Update: Opportunity Knocks Again, And Again, And Again …

A while back educational globetrotter and purveyor of all things ‘evidence-based’, Visible Learning, tweeted ‘What is John Hattie working on at the moment?” They informed us it was Visible Learning for Parents. While some may welcome the umpteenth variation of Visible something-or-other, I was skeptical of this addition to the arsenal of products and wanted to share a few thoughts. Hattie himself kindly left a comment on my blog, clarified the purpose of the book and even offered me a free copy!

It still leaves me pondering … the greasy pig that is the secure relationship between intervention and outcome has been a focus of Hattie and Visible Learning’s output for nearly ten years. It seems that across the globe individuals, schools and professional organizations have hailed Hattie’s meta-analysis as an important step forward in making educational decision-making more evidence-based. It also satisfies those who love a list and rank order (updated 2016). It is understandable that in the quest for certainty in an inherently complex and uncertain place like a school, this work would be welcome.

The influence of Hattie’s meta-analysis and encompassing rhetoric can be seen in many places, from bookshelves to unit plans, classrooms to conferences, national toolkits to policy. There are products and strap-lines abound to reinforce the brand. We see him commentate on television about school improvement trials which give him access to families and communities’ hearts and minds. He can be seen spanning organizations with significant professional clout to manage up to policy, and down to the standards that drive teacher practice. Writing for Pearson, he has reminded us of the Politics of Distraction, those things which ‘don’t work’ and suggests where our efforts and thinking should be channelled. He has also proclaimed in evangelical form that he has a dream for educators to be, wait for it, ‘change agents’. So that’s d = 1.57 right, the ‘collective teacher efficacy’ super factor? He and his work also benefit from an extended partnership between ACEL/Corwin/Visible Learning.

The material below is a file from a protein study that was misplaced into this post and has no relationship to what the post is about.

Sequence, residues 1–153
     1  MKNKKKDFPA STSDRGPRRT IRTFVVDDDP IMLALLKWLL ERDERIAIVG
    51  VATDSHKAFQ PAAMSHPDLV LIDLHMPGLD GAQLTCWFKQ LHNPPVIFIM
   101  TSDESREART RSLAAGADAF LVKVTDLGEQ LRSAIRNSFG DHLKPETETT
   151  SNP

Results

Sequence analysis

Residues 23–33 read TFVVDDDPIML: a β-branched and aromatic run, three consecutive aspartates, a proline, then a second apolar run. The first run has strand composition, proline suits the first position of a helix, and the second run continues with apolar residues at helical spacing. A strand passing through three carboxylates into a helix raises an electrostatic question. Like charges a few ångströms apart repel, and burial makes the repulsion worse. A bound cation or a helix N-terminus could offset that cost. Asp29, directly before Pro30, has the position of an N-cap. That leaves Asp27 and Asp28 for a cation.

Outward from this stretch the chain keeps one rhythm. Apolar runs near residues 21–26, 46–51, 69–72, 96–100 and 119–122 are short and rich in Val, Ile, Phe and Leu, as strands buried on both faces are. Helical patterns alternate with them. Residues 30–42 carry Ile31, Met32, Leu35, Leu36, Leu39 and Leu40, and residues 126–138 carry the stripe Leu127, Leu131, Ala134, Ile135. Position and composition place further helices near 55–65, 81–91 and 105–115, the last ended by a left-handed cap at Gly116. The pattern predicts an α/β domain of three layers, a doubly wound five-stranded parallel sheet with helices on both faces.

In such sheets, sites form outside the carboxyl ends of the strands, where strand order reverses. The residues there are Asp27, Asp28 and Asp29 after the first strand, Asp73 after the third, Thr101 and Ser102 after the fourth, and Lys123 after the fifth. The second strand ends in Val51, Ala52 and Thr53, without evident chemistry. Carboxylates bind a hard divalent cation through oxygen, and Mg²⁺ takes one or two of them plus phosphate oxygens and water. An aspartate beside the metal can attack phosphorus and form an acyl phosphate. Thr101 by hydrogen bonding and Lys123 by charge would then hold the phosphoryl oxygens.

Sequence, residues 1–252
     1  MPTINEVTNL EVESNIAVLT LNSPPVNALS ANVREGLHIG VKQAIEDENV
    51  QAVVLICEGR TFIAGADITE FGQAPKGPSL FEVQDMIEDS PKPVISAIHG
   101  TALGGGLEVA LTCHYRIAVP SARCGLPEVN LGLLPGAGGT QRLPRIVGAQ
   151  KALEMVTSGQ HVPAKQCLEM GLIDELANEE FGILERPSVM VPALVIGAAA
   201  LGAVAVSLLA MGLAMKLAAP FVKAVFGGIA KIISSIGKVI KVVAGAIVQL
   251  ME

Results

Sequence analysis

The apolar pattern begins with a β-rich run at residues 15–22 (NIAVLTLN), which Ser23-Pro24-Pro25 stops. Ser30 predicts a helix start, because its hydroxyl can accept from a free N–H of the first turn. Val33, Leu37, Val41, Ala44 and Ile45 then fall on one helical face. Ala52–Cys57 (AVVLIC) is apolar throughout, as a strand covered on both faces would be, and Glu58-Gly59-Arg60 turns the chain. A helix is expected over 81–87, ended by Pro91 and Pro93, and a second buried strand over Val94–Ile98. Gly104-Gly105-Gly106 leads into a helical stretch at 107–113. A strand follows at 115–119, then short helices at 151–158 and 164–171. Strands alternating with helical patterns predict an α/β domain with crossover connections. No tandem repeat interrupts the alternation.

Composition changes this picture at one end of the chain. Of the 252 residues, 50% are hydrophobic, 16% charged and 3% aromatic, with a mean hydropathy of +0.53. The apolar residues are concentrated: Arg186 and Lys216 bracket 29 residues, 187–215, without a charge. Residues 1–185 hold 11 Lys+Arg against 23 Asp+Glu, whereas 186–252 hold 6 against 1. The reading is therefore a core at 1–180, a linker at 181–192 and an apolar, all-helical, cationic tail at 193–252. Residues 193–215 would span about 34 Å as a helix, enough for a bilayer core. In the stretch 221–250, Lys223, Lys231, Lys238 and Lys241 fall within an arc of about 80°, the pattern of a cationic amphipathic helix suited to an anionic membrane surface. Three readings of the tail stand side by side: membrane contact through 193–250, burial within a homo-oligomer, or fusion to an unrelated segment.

It was timely then that Scott Eacott released School leadership and the cult of the guru: the neo-Taylorism of Hattie this week to remind us of the worrying alliances that are forming in Australia and in other settings which are elevating the cult of the guru to worrying heights. Eacott notes in his critique, business practices (inspired by Taylor, 1911) which infiltrated American public education and shifted schooling to “business imperatives and in particular the pursuit of efficiency”. The depths and extents of the brand infiltration is further explored, Eacott explaining:

“Visible learning, as a label is now used in a variety of areas … further building the brand and evidence of the brand of Hattie exploiting an opportunity for maximum advantage. Courtesy of sheer presence, Hattie has become canonised in initial teacher education, graduate programmes, and professional dialogue and debate. His work is now ubiquitous with education in Australia.”

What interests me is the work that has been done to shine a spotlight on the short-comings of using meta-analysis and effect sizes to validate all manner of commercial and educational activity and supposed policy legitimacy. For example, back in 2011 Snook et al wrote a critique of Visible Learning. Of particular note were their concluding concerns. After picking apart the methodological inconsistencies, the authors noted that “politicians may use his work to justify policies which he (Hattie) does not endorse and his research does not sanction”. They go on to state that “the quantitative research on ‘school effects’ might be presented in isolation from their historical, cultural and social contexts, and their interaction with home and community backgrounds”.